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8 min read

Building a Guest Book on the Edge with SvelteKit, Upstash Redis and Vercel

Geoff Rich

Guest Author

Starter overview
Getting the user’s location
Saving the user’s location to Redis
Deploying to Vercel
Wrapping up

Vercel recently launched Edge Functions, which let you run JavaScript code on their globally-distributed edge network. With SvelteKit, the upcoming full-stack framework for Svelte, you can deploy your app to these Edge Functions. This means you can serve your users dynamically-rendered pages at the same speed you would serve static files from a CDN.

In this tutorial, we’ll show how to build a small site with SvelteKit that takes full advantage of the edge. The site will show a list of all the cities that have visited the site. We’ll determine the user’s current city using Vercel’s edge headers and display it on the page, and the user can choose to add their city to the list of visitors.

For a preview of what we’re building, see the live demo.

We’ll be using Upstash Redis as a data store, since (like SvelteKit) it’s optimized for use with serverless hosting providers. In addition, they allow provisioning a global database that will minimize latency from the deployed function to the database instance.

A word of caution before starting this tutorial: at time of writing, both SvelteKit and Vercel Edge Functions are currently in beta and the APIs might change.

Starter overview

Set up the starter project by running the following commands. This uses a tool called degit to download a fresh copy of the initial state of the repo, though you can clone/fork the initial branch of the starter repo itself if you’d prefer.

npx degit geoffrich/sveltekit-edge-guestbook#initial sveltekit-edge-guestbook
cd sveltekit-edge-guestbook
npm i
npm run dev

Currently, it’s non-functional since it’s not getting the user’s city or storing the list of cities anywhere. In this blog post, we’ll fix both of those issues.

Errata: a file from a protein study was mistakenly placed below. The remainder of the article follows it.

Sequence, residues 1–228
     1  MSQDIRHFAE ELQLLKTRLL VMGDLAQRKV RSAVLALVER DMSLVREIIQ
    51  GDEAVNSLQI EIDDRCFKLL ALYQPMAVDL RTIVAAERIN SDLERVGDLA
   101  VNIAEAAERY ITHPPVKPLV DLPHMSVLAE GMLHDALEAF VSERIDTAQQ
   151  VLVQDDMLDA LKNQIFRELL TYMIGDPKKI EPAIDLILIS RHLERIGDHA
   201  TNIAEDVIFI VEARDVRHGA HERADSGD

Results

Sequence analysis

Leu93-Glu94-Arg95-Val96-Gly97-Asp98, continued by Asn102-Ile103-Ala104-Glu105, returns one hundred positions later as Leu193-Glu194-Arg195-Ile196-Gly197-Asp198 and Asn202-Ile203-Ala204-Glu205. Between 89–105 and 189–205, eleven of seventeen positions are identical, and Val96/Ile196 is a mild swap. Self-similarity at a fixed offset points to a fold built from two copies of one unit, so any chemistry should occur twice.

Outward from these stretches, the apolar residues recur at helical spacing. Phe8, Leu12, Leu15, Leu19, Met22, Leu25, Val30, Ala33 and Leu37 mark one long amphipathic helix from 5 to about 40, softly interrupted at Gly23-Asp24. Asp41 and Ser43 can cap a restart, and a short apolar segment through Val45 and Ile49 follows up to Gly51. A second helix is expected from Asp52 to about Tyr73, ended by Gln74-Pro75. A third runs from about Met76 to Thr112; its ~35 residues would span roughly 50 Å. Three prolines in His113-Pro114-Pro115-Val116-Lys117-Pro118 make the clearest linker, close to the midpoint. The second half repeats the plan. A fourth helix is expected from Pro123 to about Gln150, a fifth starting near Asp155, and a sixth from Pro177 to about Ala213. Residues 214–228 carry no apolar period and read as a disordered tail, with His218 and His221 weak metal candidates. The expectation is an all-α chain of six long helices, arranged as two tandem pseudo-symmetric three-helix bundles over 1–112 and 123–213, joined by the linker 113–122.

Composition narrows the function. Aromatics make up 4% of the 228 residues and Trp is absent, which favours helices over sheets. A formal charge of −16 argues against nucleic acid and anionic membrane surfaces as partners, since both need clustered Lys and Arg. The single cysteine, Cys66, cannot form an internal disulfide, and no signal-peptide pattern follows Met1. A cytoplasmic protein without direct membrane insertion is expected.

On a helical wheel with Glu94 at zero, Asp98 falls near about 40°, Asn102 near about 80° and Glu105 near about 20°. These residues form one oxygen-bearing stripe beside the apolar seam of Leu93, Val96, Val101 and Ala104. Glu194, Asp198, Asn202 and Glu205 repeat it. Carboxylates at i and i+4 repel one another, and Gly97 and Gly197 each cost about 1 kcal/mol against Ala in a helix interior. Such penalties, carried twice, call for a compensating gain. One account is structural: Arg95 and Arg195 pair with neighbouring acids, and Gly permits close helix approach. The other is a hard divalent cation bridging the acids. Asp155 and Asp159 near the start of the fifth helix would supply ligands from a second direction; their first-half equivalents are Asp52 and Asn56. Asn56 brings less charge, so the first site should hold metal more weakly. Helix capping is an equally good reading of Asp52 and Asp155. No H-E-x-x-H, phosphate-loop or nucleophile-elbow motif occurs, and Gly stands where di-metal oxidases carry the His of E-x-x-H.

Let’s quickly orient ourselves in the project. src/routes/index.svelte corresponds to the page we’ll see at the root route. It takes props for the list of visits, the city of the current user, and whether the user has signed the guest book or not.

One cool thing is that the data is submitted via a <form>, so it does not need JavaScript to function. When JS is not available, the form will submit as normal and trigger a full page reload. When JS is available, it will update in place instead of reloading. This is accomplished using a Svelte action called enhance, which is copied from the default SvelteKit project template. Explaining how it works is outside of the scope of this post, but take a look at the code in src/lib/enhance.ts if you’re curious.

<form
	action="/"
	method="post"
	use:enhance={{
		result: () => {
			signed = true;
		}
	}}
>
	<button>I was here</button>
</form>

In src/routes/index.ts, we have our main page endpoint. The exported GET function will supply the props to our index.svelte page and the POST function will handle the POST request from the form. If you’re not familiar with SvelteKit’s endpoints, see the documentation for more information on how they work.

Currently, the endpoints call the get_visitors and add_visitor functions from our $lib directory to retrieve and update the list of visits. They also call a local get_city method to get the user’s city. Those methods are stubbed out for now, since we’ll be implementing them as part of this tutorial.

Getting the user’s location

Since we’re planning to deploy the app to Vercel, we can use Vercel’s edge headers to get the user’s city and country. x-vercel-ip-country will have the country code of the user and x-vercel-ip-city will have the city of the user. This is all based off of the user’s IP address, so it won’t be 100% accurate. However, it will be good enough for our purposes.

The relevant headers names are already in src/lib/constants.ts for our use. Import them at the top of src/routes/index.ts.

import { CITY_HEADER, COUNTRY_HEADER } from '$lib/constants';

Then replace the existing get_city function with the following:

function get_city(request: Request) {
	const city = request.headers.get(CITY_HEADER) ?? 'unknown city';
	const country = get_country_name(request.headers.get(COUNTRY_HEADER));
	return `${city}, ${country}`;
}

const display_names = new Intl.DisplayNames(['en'], { type: 'region' });
function get_country_name(countryCode: string | null) {
	if (countryCode) {
		return display_names.of(countryCode);
	}
	return 'unknown country';
}

This method will retrieve the city and country from the request headers, falling back to “unknown” if it’s not set. Note how this function uses the web Intl.DisplayNames API to get the country name from the country code—no NPM package required! This API will be available when we deploy to Vercel Edge Functions.

This will work great when deployed, but these headers won’t be automatically set when developing. Fortunately, the starter project already adds custom code in SvelteKit’s handle hook to add these headers in development.